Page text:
But, they can also be designed to monitor the progress of horse and rider in the show ring.
“Report cards” have been applied in sports such as gymnastics, figure skating, football, etc. to provide athletes with detailed feedback about their performance that can then be studied and improved upon afterward.
I first came across this method of providing feedback a few years ago when I was reading through notes written by a respected football coach. This individual coached the receivers group, and after every game, he would re-watch the film and provide each of his players with a report detailing what they did well and areas to improve. The players loved this feedback and it allowed them to progress steadily throughout the season.
Of course, it is worth applying this to horse sports.
The most common variable in the jumper ring, and what people tend to pay attention to, is the placing and number of faults. But these variables do not provide a detailed picture of what actually happened in the ring. If there were time faults, was that the result of: Rideability issues? A bad plan made during the course walk? The horse jumping too big? Etc?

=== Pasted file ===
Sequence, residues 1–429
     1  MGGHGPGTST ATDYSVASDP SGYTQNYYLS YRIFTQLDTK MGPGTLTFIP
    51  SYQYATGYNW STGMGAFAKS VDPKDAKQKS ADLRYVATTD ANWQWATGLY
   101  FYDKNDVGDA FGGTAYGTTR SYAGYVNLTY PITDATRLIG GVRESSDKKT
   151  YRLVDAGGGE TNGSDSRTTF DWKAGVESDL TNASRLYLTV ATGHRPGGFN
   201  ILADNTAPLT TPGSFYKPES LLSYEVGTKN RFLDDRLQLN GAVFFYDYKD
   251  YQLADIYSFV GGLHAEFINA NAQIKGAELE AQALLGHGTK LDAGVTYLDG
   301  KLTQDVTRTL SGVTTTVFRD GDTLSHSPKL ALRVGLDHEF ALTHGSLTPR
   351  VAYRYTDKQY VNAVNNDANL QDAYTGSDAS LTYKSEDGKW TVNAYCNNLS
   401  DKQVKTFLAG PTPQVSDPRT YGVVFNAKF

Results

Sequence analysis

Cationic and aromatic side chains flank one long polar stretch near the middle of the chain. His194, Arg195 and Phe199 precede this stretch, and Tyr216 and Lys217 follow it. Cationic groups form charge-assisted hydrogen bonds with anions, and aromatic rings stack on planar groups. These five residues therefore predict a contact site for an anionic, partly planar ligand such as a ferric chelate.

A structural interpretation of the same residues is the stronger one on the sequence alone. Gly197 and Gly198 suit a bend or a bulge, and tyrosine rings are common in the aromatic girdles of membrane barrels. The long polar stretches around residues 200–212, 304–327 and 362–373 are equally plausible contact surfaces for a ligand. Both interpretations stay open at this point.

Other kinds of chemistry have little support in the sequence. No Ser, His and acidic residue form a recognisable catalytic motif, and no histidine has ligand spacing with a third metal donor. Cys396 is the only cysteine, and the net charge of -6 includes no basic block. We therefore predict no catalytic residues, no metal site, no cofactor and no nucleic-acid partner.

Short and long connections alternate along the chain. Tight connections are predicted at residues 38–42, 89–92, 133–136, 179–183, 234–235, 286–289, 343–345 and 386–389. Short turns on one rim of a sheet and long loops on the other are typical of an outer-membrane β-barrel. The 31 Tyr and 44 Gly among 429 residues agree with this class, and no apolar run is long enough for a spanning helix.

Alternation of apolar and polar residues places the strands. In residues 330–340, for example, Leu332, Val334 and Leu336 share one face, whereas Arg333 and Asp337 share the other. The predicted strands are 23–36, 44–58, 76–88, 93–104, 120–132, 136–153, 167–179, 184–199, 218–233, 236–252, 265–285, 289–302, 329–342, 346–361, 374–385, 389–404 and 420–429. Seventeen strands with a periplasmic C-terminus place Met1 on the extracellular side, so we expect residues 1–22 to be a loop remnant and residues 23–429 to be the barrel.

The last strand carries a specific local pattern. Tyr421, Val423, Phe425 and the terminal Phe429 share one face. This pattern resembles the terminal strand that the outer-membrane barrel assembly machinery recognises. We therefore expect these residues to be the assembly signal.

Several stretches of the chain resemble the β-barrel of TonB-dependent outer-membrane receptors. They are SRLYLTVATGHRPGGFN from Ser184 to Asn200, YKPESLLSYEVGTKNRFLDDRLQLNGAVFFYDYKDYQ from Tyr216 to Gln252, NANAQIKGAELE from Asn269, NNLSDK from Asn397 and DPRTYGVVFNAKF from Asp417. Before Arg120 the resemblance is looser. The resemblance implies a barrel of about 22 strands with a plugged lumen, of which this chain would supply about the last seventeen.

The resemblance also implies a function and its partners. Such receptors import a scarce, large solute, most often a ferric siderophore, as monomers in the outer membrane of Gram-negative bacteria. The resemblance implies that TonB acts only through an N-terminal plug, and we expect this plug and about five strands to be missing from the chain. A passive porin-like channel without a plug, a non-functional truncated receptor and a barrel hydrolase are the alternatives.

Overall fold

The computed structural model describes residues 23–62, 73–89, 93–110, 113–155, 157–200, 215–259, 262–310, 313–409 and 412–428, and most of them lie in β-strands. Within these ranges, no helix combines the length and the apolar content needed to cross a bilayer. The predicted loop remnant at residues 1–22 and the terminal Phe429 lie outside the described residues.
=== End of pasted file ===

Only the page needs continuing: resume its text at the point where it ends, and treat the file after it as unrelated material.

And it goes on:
Similarly, the difference between zero faults and eight faults can be relatively minor (e.g. two light rails at the end of the course) or major (e.g. the horse completely destroyed a double combination).
To counter this and ensure riders understand what issues arose on course, trainers will speak to students after each round and analyze their ride. Although helpful, this feedback is often given in a stressful and rushed environment (immediately after a round), which limits the rider’s uptake of information. Furthermore, we know that people only remember a few pieces of information at a time, while everything else is either forgotten or only partially internalized.
To ensure riders have a more detailed analysis they can refer to after the fact, it would be great if report cards became widely adopted in our sport.
I began using these reports a while ago when tracking the developments of a horse and rider, and found them quite helpful. I would rewatch video of the round at the end of the day and make my notes as well as score the overall performance. For each jump, a grade is provided as well as specific comments that help explain the ride.
Combined with video of their round, students can review this information later and study what went right and what went wrong. See example below.
Dr. Tim Worden is a scientist specializing in applying high performance sports training concepts to horses. He completed his MSc (Biomechanics and Neuroscience) and PhD (Biomechanics) at the University of Guelph, Canada, and he has worked with a number of FEI jumping riders over the years. Instagram: @twordentraining
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